Again for more detailed information, Recovery Support members can read the section entitled “Hyperstimulation And Its Effects” in Chapter 14.

3. Habit

Many anxious people have developed a habit of doing everything quickly. Their actions, mannerisms, activity levels, walking, talking, and so on, are all done in a hurry. In fact, the pace of their lives is often so fast most others have difficulty keeping up. This fast pace stems from fast thinking. As their pace increases, so does the body’s level of stimulation - the body produces stress hormones to meet the demand of our activity.

This type of behavior and the body’s level of stimulation become a habit over time. Consequently, the faster they go, the more stimulated the body becomes, with one fueling the other. If these anxious people don’t make time to balance their high activity with rest, it’s often not long before hyperstimulation occurs.

So having a habit of doing everything quickly is another cause of increased stimulation, which can result in racing thoughts.

Increase in stimulation can cause an increase in thought generation.

We explain the other three causes of racing mind in the Recovery Support area under the symptom ‘Racing Thoughts’ in our Symptoms section (Chapter 9).

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How to get rid of the racing mind anxiety symptoms?

While the racing thoughts anxiety symptoms can be annoying, distracting, and even bothersome, they aren’t harmful. They are generally just another indication that the body is experiencing an active stress response and/or is overly stressed (hyperstimulated). Therefore, there isn’t any need to worry about this symptom. For anxious and/or overly stressed people, racing thoughts is not an indication of a serious mental illness.

When racing thoughts are caused by apprehensive behavior and the accompanying stress response changes, calming yourself down will bring an end to the active stress response and its changes. As your body recovers, your racing thoughts should subside as your body returns to its normal self. Keep in mind that it can take up to 20 minutes or more for the body to recover from a major stress response. This is normal and shouldn’t be a cause for concern.

When racing mind is caused by stress-response hyperstimulation, it may take a lot more time for the body to recover and to the point where this symptom is eliminated. Nevertheless, when the body has fully recovered, the racing mind symptoms generally subside.

There are reasons why the body can take a long time to recover once it has become hyperstimulated. We explain all this in the Recovery Support area.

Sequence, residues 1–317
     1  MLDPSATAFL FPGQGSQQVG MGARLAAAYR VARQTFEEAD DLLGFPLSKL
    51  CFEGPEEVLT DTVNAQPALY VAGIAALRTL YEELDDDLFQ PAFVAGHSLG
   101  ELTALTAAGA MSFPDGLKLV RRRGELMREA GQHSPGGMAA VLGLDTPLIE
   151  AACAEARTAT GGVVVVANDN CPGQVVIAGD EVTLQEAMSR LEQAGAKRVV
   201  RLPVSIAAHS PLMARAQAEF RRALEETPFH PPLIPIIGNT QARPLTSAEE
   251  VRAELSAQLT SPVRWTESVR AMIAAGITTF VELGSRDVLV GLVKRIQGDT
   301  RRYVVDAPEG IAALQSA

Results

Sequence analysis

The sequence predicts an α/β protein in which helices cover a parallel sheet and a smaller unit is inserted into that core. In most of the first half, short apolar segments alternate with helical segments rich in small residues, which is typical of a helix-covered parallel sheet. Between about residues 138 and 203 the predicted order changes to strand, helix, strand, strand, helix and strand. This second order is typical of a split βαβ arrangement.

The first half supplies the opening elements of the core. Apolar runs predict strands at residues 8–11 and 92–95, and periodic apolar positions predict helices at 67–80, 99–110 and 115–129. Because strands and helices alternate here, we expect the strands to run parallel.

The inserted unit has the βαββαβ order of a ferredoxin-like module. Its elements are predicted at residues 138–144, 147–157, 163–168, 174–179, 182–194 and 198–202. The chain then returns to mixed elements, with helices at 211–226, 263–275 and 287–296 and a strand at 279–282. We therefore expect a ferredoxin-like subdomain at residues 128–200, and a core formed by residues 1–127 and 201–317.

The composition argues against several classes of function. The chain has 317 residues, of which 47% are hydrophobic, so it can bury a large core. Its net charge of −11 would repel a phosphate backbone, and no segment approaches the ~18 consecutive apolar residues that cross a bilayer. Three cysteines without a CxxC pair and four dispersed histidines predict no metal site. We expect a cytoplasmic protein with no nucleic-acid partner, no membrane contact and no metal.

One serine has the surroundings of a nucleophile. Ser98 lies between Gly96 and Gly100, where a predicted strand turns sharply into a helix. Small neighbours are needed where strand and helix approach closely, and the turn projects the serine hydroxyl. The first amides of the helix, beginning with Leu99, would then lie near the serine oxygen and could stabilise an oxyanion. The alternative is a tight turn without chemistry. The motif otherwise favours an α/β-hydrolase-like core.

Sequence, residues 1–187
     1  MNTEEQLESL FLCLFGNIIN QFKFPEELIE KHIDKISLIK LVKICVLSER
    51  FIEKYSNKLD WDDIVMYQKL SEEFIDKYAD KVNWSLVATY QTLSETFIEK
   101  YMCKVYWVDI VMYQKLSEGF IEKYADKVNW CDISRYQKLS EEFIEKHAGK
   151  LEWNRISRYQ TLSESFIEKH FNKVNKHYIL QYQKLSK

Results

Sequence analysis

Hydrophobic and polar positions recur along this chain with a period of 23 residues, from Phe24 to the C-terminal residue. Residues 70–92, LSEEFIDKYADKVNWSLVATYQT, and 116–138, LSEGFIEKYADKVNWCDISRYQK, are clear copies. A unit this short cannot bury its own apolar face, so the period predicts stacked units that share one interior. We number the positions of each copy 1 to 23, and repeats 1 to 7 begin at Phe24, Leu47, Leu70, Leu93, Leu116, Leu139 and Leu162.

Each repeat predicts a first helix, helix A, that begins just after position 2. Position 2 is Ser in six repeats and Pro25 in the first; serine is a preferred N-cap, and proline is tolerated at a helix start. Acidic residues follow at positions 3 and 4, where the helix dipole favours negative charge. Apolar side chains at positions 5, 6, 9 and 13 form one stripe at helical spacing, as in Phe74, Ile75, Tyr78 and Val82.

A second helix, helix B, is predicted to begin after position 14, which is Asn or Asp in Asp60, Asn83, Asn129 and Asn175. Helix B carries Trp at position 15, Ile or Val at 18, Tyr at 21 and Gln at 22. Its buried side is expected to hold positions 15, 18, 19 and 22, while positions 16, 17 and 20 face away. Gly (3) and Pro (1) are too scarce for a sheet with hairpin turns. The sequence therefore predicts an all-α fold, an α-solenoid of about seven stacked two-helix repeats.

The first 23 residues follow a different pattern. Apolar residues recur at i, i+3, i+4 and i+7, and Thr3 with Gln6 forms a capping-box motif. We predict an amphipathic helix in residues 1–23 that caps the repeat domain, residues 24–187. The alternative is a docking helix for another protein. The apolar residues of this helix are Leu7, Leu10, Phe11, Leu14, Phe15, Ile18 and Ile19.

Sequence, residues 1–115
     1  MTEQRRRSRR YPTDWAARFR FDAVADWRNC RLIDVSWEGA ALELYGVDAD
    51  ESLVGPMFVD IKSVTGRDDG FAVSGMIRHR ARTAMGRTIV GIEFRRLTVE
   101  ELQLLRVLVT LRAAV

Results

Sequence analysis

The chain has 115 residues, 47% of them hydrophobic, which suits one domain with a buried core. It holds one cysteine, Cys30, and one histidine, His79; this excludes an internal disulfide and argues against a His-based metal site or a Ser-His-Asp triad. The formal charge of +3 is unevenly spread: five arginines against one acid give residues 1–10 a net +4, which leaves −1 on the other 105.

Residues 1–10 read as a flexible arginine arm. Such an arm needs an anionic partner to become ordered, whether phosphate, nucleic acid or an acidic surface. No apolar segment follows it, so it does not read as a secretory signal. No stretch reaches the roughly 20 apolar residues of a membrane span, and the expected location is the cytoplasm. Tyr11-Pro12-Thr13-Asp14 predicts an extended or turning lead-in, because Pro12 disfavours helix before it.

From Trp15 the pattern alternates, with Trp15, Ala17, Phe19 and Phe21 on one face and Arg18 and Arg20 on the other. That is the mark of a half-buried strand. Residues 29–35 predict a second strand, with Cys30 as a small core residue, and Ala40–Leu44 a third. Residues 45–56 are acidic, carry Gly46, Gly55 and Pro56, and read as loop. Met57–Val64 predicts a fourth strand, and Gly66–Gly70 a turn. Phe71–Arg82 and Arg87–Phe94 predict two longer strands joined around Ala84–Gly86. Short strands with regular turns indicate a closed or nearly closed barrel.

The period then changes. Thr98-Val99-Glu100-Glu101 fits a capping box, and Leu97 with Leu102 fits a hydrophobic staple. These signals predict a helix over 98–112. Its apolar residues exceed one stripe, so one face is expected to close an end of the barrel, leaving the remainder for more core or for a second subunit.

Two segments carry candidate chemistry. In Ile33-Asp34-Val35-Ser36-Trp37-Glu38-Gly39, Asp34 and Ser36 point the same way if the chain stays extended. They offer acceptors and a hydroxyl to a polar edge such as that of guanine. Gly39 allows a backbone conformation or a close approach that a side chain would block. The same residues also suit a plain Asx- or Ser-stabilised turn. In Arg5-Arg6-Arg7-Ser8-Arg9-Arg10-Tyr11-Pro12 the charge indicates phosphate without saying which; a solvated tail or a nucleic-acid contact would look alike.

You can speed up the recovery process by reducing your stress, practicing relaxed breathing, increasing your rest and relaxation, and not worrying about this anxiety symptom. When your body has recovered from the stress response and/or persistently elevated stress, racing thoughts completely disappear.

When racing thoughts is caused by a fast-paced approach to life, adopting a more relaxed approach can reduce the body’s stimulation level, which can reduce and eventually eliminate racing thoughts.

Worrying about racing thoughts is counterproductive to eliminating it (since worry stresses, and therefore, stimulates the body). If you are having difficulty containing your worry, you may want to connect with one of our recommended anxiety disorder therapists, coaches, or counselors. Working with an experienced anxiety disorder therapist, coach, or counselor is the most effective way to overcome anxiety disorder and what seems like unmanageable worry.

Play the clip below for Jim Folk's commentary about the Racing Thoughts anxiety symptoms. Jim Folk is the president of

Racing Thoughts are common symptoms of elevated stress, including the stress overly apprehensive behavior can cause. Jim Folk experienced almost all anxiety symptoms during his 12 year struggle with anxiety disorder.

The combination of good self-help information and working with an experienced anxiety disorder therapist, coach, or counselor is the most effective way to address anxiety and its many symptoms. Until the core causes of anxiety are addressed – which we call the underlying factors of anxiety – a struggle with anxiety unwellness can return again and again. Dealing with the underlying factors of anxiety is the best way to address problematic anxiety.

Additional Resources

Return to our anxiety disorders signs and symptoms page. Information, support, and therapy for anxiety disorder and its symptoms, including the Racing Thoughts anxiety symptoms.


1. Selye, H. (1956). The stress of life. New York, NY, US: McGraw-Hill.

2. Folk, Jim and Folk, Marilyn. “The Stress Response And Anxiety Symptoms.”, August 2019.

3. Hannibal, Kara E., and Mark D. Bishop. “Chronic Stress, Cortisol Dysfunction, and Pain: A Psychoneuroendocrine Rationale for Stress Management in Pain Rehabilitation.” Advances in Pediatrics., U.S. National Library of Medicine, Dec. 2014.

4. Justice, Nicholas J., et al. “Posttraumatic Stress Disorder-Like Induction Elevates β-Amyloid Levels, Which Directly Activates Corticotropin-Releasing Factor Neurons to Exacerbate Stress Responses.” Journal of Neuroscience, Society for Neuroscience, 11 Feb. 2015.